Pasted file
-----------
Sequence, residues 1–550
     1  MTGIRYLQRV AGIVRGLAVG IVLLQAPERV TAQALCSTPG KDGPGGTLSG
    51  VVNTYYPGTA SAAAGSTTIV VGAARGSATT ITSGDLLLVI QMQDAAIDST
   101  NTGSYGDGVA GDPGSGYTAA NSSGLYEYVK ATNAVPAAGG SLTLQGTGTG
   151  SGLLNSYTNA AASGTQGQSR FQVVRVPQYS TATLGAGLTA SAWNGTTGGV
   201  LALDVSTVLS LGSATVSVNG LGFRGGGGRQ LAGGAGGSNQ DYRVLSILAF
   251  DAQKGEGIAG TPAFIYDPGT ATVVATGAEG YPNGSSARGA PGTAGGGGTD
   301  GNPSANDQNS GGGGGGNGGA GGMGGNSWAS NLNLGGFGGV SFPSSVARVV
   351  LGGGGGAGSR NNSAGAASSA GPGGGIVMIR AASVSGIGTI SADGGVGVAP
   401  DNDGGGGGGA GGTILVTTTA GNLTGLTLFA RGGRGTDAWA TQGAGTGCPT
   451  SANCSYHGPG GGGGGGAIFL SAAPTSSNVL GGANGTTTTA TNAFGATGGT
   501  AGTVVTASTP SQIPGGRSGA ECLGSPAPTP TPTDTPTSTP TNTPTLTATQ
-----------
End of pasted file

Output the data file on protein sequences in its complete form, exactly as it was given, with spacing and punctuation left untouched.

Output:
Sequence, residues 1–550
     1  MTGIRYLQRV AGIVRGLAVG IVLLQAPERV TAQALCSTPG KDGPGGTLSG
    51  VVNTYYPGTA SAAAGSTTIV VGAARGSATT ITSGDLLLVI QMQDAAIDST
   101  NTGSYGDGVA GDPGSGYTAA NSSGLYEYVK ATNAVPAAGG SLTLQGTGTG
   151  SGLLNSYTNA AASGTQGQSR FQVVRVPQYS TATLGAGLTA SAWNGTTGGV
   201  LALDVSTVLS LGSATVSVNG LGFRGGGGRQ LAGGAGGSNQ DYRVLSILAF
   251  DAQKGEGIAG TPAFIYDPGT ATVVATGAEG YPNGSSARGA PGTAGGGGTD
   301  GNPSANDQNS GGGGGGNGGA GGMGGNSWAS NLNLGGFGGV SFPSSVARVV
   351  LGGGGGAGSR NNSAGAASSA GPGGGIVMIR AASVSGIGTI SADGGVGVAP
   401  DNDGGGGGGA GGTILVTTTA GNLTGLTLFA RGGRGTDAWA TQGAGTGCPT
   451  SANCSYHGPG GGGGGGAIFL SAAPTSSNVL GGANGTTTTA TNAFGATGGT
   501  AGTVVTASTP SQIPGGRSGA ECLGSPAPTP TPTDTPTSTP TNTPTLTATQ